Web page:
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c++:: Using namespace std; What does that mean?

  1. C/C++

Namespaces in C++ are used to define a scope and allows us to group global classes, functions and/or objects into one group. When you use using namespace std; you are instructing C++ compiler to use the standard C++ library. If you don’t give this instruction, then you will have to use std::, each time you use a standard C++ function/entity. Have a look at the following example, which is very straight forward.

#include <iostream>
using namespace std;
class MyClass {
        public: void sayHello();
};
void MyClass::sayHello() {
     cout<<"Hello World!\n";
}
int main() {
       MyClass myClass;
       myClass.sayHello();
       return 0;
}

If you are not using namespace in the above example, you will have to use std:: everywhere you use cout, like the following.

#include &lt;iostream&gt;
class MyClass {
        public: void sayHello();
};
void MyClass::sayHello() {
        std::cout<<"Hello World!\n";
}
int main() {
       MyClass myClass;
       myClass.sayHello();
       return 0;
}

More about namespaces in C++

Namespaces allow you to group different entities together. You may create your own namespaces for grouping your entities, and access them the same way you did for 'std' namespace.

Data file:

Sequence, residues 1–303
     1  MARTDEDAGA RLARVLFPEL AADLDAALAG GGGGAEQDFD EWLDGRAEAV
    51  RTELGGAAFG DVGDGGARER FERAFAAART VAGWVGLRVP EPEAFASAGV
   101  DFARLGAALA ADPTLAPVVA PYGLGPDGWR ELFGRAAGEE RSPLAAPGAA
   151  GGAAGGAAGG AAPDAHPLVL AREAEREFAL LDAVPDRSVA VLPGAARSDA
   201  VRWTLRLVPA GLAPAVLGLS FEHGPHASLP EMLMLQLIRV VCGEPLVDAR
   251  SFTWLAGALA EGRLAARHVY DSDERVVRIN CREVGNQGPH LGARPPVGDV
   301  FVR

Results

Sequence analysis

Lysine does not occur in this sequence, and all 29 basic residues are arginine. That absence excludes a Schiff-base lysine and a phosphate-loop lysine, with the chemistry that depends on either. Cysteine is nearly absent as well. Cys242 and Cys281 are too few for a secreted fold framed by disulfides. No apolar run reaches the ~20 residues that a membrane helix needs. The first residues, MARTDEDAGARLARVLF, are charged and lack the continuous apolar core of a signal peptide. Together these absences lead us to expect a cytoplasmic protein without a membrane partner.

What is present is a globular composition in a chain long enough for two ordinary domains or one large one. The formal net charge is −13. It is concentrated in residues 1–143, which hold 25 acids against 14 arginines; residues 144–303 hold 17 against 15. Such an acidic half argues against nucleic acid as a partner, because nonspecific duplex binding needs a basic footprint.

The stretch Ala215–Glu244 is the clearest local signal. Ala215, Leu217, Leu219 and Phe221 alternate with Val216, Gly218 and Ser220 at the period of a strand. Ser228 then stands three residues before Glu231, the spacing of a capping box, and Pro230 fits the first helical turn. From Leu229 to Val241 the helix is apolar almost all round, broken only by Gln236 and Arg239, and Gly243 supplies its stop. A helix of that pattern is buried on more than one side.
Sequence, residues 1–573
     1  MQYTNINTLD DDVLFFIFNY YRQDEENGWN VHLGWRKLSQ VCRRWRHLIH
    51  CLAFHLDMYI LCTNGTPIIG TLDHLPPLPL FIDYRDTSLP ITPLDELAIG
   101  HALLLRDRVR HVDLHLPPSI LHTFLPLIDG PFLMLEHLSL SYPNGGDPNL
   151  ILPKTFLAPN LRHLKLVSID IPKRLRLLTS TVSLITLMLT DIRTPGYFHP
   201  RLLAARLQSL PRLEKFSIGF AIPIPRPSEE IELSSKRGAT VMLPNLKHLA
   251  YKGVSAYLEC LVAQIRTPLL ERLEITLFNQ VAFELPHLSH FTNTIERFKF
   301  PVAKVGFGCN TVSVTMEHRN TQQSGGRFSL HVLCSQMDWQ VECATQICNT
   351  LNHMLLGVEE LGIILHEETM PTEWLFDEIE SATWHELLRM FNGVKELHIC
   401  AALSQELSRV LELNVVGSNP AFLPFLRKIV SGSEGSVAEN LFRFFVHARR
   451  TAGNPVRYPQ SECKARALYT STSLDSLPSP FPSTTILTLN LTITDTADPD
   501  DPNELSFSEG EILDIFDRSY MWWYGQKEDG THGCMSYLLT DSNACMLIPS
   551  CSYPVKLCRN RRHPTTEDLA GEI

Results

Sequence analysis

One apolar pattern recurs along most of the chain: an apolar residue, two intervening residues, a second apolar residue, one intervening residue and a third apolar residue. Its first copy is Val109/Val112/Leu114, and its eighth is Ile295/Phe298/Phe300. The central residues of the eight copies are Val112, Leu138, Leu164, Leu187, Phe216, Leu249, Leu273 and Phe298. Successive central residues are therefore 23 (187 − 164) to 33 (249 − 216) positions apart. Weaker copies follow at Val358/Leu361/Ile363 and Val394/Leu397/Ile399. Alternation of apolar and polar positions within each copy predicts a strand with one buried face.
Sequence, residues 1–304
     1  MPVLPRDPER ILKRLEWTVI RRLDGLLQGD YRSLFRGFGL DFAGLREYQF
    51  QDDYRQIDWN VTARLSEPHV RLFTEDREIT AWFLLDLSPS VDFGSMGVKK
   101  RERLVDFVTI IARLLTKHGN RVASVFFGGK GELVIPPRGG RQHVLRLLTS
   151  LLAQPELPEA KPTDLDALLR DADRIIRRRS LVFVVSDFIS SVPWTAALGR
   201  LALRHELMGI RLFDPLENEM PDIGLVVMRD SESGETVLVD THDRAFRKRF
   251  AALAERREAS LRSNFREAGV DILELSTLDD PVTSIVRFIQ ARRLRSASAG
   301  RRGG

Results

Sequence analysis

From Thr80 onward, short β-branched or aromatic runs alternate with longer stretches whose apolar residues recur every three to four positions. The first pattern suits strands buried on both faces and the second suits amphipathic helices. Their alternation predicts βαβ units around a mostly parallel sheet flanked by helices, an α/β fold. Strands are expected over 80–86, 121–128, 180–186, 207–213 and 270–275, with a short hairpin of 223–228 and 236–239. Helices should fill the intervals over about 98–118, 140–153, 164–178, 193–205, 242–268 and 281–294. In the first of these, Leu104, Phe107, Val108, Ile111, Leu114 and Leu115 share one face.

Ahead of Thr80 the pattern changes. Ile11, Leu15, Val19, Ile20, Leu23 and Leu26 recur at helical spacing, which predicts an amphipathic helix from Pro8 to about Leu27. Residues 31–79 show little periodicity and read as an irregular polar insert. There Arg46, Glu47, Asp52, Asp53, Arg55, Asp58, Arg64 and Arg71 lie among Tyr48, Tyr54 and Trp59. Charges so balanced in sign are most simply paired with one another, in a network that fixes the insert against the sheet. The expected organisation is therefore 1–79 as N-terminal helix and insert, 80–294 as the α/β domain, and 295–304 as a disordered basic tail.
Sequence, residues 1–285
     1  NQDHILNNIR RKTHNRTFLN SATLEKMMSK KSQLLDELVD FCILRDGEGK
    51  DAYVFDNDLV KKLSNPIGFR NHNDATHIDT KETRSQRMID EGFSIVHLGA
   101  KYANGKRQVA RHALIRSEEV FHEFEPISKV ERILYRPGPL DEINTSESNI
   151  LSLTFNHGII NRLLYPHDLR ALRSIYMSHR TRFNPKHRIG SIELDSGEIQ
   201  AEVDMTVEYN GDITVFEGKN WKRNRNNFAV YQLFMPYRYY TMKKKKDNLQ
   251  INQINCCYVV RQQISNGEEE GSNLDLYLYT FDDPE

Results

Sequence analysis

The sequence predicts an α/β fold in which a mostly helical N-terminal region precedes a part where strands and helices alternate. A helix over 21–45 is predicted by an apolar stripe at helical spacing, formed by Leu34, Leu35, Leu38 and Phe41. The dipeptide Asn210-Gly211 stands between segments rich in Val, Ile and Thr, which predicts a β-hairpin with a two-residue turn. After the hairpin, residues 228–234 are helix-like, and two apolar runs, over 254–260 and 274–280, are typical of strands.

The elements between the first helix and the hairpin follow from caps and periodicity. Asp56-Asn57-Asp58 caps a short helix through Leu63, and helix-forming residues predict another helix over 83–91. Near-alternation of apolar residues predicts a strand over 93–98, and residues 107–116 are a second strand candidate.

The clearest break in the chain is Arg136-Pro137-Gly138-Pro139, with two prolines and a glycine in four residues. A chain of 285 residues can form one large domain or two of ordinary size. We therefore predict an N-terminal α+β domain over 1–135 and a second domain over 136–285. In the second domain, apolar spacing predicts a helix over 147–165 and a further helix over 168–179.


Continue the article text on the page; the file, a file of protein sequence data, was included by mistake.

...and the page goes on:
#include &lt;iostream&gt;
using namespace std;
namespace myAwesomeNamespace {
 int a=10, b;
}
namespace myAwesomerNamespace {
 int a=20, b;
}
int main() {
  cout&lt;&lt;"Awesome a = "&lt;&lt;myAwesomeNamespace::a;
  cout&lt;&lt;"Awesomer a = "&lt;&lt;myAwesomerNamespace::a;
  return 0;
}

You may also use using namespace with your custom namespces.

#include &lt;iostream&gt;
using namespace std;
namespace myAwesomeNamespace {
 int a=10, b;
}
namespace myAwesomerNamespace {
 int a=20, b;
}
int main() {
  using namespace myAwesomeNamespace;
  cout&lt;&lt;"Awesome a = "&lt;&lt;a;
  cout&lt;&lt;"Awesomer a = "&lt;&lt;myAwesomerNamespace::a;
  return 0;
}

Warning: If you use namepaces that have same entities grouped in it, then it will result in ambiguity error.